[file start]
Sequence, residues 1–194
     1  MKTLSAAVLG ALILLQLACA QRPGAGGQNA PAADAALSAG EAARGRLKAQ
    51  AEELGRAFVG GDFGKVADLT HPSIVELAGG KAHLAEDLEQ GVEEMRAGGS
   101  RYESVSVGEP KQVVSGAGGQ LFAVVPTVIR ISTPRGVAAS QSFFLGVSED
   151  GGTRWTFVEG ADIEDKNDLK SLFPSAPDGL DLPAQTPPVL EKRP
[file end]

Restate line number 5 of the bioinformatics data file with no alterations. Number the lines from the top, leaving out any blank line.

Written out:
   151  GGTRWTFVEG ADIEDKNDLK SLFPSAPDGL DLPAQTPPVL EKRP